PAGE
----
This time, you could hear the grumblings before the lecture began, friends asking each other why Karl Rove -- "Bush's brain," as he was known before resigning last summer as the president's chief adviser and deputy chief of staff -- had been invited to speak. Why, some in the community asked, would the university give a forum to someone who has been blamed for many of the things they don't like about the Bush administration?
But once Rove began talking, the animosity not only slackened but seemed to slip away for many in the crowd of 4,000. When the room cleared two hours later, people seemed relieved that Rove, who said "the horns are retractable and so is the tail," was actually "a likeable guy."
Rove presented a 41-point program that anyone could use to get elected. And with about 30 minutes to speak, he moved at breakneck speed, jumping from the importance of staying on message to looking for voters who can be wooed away from your opponent's party to focusing on the Electoral College and not just the popular vote -- "Ask President Gore about that," he said.
"When running for president, the best way to describe it is 'The Emperor's New Clothes,'" he said. "Remember that childhood fable? At the end of the parade, the voters are going to see you exactly as you are: buck-naked. They are going to see you with your warts, your strengths, your weaknesses and your failings, your high points and your low points. And the people are not stupid. The masses are not asses."
Self-deprecating to a point, at a VIP dinner before the event, Rove spoke briefly, saying he didn't know what to talk about: "Somebody suggested I tell you about what it was like to work at the White House. I can't do it in three minutes. But I had a fantastic experience. I knew a lot more before I showed up there than I know now."
Rove opened his lecture by threatening to send series organizer Gady Levy, who had ribbed him in an opening remark, on a red-eye to Guantanamo Bay.
The lecture was followed by a longer Q-&-A with AJU President Robert Wexler, in which Rove offered his insights on growing up in Utah, the U.S.-led invasion of Iraq and the impact of another Ralph Nader run for president.
Rove was coy, though, when Wexler asked if he knew exactly how to get Sen. Hillary Clinton (D-N.Y.) or Sen. Barack Obama (D-Ill.) elected.
"Yes, and I ain't telling ya. I only work for Republicans -- and Joe Lieberman," he said. "The problem with political junkies is instead of sitting around talking about their fantasy football teams, they sit around talking about political strategy. This is an endless conversation. Heck, we talked about a strategy that could get John Kerry elected. Of course, he didn't follow it -- thank God."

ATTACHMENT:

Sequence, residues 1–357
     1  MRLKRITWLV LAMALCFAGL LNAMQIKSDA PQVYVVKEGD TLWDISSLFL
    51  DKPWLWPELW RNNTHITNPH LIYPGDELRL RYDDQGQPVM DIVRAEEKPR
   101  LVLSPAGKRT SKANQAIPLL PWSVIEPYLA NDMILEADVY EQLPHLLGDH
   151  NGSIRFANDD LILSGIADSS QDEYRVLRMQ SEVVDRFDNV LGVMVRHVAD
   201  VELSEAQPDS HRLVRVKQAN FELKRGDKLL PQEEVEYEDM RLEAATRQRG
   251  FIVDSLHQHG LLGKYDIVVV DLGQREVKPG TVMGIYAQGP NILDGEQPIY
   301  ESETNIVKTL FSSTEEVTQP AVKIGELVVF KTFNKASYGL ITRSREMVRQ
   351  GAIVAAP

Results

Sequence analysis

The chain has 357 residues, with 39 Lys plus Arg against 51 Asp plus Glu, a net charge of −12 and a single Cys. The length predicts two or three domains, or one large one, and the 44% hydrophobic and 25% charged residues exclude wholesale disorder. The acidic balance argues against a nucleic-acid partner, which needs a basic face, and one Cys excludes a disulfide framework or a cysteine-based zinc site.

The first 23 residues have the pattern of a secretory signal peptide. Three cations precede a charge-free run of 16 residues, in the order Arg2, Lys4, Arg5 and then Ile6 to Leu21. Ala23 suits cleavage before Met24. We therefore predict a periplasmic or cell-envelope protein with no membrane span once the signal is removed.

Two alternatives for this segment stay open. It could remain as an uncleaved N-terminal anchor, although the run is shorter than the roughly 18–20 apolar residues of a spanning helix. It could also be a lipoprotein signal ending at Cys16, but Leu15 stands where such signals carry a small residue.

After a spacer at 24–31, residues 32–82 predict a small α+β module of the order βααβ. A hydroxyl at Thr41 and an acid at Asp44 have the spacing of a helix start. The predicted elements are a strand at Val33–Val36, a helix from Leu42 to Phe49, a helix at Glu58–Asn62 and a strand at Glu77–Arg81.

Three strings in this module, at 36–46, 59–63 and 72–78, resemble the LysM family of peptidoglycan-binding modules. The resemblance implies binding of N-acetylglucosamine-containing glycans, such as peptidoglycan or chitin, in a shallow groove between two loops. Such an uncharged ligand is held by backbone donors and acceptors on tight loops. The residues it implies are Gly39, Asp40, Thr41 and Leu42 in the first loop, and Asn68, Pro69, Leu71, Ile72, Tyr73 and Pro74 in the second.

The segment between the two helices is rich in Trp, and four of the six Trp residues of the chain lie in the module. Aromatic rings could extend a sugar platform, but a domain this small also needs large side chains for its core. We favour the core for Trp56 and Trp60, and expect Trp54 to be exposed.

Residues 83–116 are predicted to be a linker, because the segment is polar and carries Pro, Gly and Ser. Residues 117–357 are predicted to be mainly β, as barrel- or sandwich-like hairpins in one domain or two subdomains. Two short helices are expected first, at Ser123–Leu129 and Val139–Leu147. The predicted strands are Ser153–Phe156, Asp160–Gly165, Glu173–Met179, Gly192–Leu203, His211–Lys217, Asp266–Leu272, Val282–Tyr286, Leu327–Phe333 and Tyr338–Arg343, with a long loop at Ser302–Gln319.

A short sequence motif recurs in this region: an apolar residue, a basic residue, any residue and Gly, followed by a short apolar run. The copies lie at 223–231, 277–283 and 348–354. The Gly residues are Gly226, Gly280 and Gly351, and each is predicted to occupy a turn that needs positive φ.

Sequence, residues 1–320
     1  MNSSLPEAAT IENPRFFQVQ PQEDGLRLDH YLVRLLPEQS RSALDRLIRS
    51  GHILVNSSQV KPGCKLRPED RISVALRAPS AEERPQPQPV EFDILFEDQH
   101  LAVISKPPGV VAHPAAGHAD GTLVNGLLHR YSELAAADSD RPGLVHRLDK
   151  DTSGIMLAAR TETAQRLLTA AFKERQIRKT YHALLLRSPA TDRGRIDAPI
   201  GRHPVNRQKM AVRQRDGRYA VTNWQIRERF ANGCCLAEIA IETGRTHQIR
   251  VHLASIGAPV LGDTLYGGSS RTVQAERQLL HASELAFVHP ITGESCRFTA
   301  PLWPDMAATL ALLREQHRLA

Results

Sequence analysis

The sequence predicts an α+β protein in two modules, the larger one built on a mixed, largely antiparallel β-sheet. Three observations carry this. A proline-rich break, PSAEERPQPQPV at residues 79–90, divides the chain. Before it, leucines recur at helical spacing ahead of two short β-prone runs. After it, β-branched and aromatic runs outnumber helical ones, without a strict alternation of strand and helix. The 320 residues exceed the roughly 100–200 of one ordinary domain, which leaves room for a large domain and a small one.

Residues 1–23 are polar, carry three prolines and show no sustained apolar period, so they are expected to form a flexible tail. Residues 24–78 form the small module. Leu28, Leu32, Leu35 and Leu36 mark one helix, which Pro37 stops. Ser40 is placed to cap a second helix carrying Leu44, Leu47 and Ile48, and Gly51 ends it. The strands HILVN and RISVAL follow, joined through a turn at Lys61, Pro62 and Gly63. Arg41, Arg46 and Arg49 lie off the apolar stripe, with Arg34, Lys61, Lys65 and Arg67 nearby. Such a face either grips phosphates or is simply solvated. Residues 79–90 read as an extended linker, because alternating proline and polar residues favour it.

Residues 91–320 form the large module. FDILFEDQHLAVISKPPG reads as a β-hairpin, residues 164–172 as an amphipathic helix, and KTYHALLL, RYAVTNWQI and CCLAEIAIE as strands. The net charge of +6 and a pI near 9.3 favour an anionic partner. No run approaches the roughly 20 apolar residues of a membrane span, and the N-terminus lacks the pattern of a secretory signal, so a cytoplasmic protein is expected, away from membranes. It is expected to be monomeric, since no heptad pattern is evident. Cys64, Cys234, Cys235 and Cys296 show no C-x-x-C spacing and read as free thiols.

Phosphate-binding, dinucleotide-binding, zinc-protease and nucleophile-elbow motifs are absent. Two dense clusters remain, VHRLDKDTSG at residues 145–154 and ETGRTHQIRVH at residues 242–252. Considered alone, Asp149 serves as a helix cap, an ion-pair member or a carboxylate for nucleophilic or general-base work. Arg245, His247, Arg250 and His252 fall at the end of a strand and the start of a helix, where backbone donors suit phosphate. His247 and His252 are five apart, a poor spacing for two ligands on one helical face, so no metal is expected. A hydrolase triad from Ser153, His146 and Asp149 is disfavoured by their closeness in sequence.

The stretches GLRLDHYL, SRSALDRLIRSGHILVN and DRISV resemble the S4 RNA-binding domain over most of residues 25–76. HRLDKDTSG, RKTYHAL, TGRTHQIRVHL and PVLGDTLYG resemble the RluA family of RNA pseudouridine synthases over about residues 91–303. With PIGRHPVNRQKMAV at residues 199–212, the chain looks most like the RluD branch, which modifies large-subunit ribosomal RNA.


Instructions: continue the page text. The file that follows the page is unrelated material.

"This is football," Wexler said.
"Um," Rove responded, "three-dimensional chess."
Rove joined a list of more than 50 presidents, pundits, comedians and influential people who have spoken at the lecture series since it began in 2002. Many before had been divisive figures, like President Bill Clinton, James Carville, Ann Coulter -- and that's sticking with the Cs. But Rove's invite generated an unusual amount of complaints.
Still, Levy, the series organizer, said Rove was an ideal lecturer. Not only would he offer a political perspective sure to encourage discussion, but 2008 is a presidential election year and Rove is considered one of the greatest political strategists of modern time.
"We are an educational institution, and part of educating people is having access to opinions we might not share," Levy said before the event. "If we only invited people we liked, it would be boring."
Levy's gamble appeared to have paid off after the talk.
"I came here with a Republican customer, though I had a lot of trepidation," said Pat Wheeler, a banker and supporter of Clinton who thought she would spend most the lecture rolling her eyes. "I found Rove very charming; I'm not walking out of here thinking he is the devil. This is a powerful mind, and I am walking out of here thinking better about him than I did walking in."
Now teaching at his alma mater, the University of Texas, and contributing columns to Newsweek, Rove remains a public figure -- and source of controversy, including in a segment on "60 Minutes" Sunday, in which a former Republican campaign volunteer in Alabama accused Rove of a five-year campaign to destroy the career of former Democratic Gov. Don Siegelman. Rove denied the allegations Monday.
He said it was all part of what he had come to personify.
"I'm not a human being," he said. "I may appear to be flesh and blood, but I am a myth. The mark of Rove is: If you can't explain it, Rove is responsible."